The gestural input device 200 receives or generates data via one or more sensors 208. The sensors 208 may generate data that tracks the movement of the gestural input device 200 in free space. Additionally or alternatively, the sensors may generate signals representative of or associated with movement of the motion of the gestural input device 200 in free space. Input data or instructions may also be provided via data input device 214. The program 216 interfaces the sensors 208 via the CPU 204 to interpret signals from or data generated by the sensors 208. The signals or data may be processed by the CPU 204 to determine movement of the gestural input device in free space. The processed data may be provided to one or more output devices 212, such as a video display or communications port. For example, the tracking data may be processed by the CPU 204 and provided to a communications port for communication via one or more wireless transmission protocols to computing device 102. The processed data also or alternatively may provide instructions for navigating digital content. The movement of the gestural input device detected by the sensors and represented by tracking data may be processed and/or translated by the CPU 204 to a corresponding movement in a gaming application running on the computing device. The data may also identify or represent movement of a cursor, pointer, or icon on a video display 212, The data may relate to a corresponding movement in a virtual environment generated by the CPU 204 and displayed on the video display 212 of the gestural input device. The data may be associated with one or more commands or instructions to be executed by the CPU 204.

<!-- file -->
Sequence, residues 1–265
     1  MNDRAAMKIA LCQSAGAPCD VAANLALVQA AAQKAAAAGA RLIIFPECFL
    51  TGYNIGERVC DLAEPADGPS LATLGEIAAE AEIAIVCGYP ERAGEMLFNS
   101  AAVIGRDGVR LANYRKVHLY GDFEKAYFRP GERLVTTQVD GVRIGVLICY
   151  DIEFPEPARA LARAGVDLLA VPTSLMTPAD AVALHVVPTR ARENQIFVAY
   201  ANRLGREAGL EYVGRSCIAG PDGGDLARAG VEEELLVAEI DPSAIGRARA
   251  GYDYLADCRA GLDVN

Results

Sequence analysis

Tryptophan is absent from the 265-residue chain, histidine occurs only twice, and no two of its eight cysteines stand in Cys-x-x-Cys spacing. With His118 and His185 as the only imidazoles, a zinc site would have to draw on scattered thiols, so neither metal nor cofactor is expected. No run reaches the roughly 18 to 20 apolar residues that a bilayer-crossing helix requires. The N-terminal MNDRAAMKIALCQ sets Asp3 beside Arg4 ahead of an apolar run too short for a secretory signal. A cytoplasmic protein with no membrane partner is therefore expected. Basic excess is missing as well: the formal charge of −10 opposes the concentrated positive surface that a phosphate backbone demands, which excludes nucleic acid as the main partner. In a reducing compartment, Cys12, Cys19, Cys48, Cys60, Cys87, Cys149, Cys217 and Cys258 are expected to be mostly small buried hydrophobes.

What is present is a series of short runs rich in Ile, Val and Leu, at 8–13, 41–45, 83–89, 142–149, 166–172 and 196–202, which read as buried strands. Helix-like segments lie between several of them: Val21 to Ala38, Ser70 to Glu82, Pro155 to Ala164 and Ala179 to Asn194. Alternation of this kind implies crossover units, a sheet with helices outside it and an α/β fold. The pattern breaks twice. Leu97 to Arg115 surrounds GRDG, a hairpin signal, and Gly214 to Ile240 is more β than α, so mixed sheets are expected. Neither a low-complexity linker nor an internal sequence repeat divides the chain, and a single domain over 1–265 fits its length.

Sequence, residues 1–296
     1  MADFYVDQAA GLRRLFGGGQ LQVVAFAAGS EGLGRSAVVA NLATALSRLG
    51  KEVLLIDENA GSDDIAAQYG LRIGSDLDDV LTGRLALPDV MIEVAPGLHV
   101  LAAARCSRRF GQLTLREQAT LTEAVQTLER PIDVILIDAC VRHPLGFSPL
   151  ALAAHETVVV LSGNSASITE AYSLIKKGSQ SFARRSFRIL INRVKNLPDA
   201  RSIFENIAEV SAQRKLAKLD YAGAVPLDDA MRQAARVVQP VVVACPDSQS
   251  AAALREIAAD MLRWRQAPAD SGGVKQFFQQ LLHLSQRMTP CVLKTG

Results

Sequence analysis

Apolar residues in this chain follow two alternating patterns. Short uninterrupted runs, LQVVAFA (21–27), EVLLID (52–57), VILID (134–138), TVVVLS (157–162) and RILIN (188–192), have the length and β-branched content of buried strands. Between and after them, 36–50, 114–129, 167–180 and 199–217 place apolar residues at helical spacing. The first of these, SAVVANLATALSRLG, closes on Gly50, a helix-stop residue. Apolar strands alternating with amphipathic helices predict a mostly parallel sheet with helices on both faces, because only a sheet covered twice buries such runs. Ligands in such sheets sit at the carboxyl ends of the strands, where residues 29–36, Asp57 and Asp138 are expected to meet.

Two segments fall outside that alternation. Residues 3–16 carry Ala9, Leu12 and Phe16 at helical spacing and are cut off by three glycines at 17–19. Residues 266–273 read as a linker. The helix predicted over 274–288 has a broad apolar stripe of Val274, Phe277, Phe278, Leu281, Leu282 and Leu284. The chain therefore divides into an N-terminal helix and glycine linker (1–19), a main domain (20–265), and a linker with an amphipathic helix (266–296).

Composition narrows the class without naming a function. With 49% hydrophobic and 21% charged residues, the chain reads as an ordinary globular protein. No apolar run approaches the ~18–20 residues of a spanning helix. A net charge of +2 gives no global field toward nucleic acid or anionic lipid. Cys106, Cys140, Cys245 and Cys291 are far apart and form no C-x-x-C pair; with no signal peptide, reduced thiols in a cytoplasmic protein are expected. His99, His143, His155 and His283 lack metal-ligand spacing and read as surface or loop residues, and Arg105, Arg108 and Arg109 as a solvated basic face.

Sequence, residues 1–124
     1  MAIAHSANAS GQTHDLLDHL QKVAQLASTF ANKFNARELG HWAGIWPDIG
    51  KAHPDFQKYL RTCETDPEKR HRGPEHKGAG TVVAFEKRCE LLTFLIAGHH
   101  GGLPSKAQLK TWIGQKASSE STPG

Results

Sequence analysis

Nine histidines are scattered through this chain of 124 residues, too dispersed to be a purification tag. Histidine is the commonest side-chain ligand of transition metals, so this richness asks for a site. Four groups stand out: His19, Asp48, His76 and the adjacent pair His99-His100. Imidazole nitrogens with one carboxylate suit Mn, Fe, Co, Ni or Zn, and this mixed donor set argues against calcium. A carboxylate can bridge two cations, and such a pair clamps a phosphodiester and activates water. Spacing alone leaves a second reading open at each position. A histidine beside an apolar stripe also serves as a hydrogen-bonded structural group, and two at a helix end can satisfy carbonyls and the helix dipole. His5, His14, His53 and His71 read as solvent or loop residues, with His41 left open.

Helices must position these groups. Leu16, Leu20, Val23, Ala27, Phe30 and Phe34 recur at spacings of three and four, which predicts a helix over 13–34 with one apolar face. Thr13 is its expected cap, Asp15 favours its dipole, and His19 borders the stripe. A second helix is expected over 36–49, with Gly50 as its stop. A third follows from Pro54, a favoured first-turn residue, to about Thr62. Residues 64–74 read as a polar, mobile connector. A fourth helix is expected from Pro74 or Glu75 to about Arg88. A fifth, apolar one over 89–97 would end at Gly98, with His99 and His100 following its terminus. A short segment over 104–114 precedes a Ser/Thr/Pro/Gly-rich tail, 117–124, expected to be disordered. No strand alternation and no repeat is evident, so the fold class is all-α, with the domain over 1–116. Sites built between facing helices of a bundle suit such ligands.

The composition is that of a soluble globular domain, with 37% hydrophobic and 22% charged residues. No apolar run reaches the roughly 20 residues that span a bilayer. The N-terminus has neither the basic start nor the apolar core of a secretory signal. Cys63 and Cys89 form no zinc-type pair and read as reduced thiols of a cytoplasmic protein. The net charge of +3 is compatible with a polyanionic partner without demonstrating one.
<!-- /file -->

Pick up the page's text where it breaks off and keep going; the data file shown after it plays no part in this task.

FIG. 3 illustrates an example of a handheld gestural input device 300 having a sensor 308. The sensor 308 may generate data or a signal that may be processed for tracking movement of the device 200. For example, the sensor 308 may be a digital camera that captures a picture frame of environment from a field of view 316 of the camera. The camera 308 also may capture a picture frame or a sequence or stream of picture frames of the environment. The gestural input device 300 may have a device driver or other program adapted to run the camera 308 and perform the translation of data from the camera to movement of the gestural input device 300.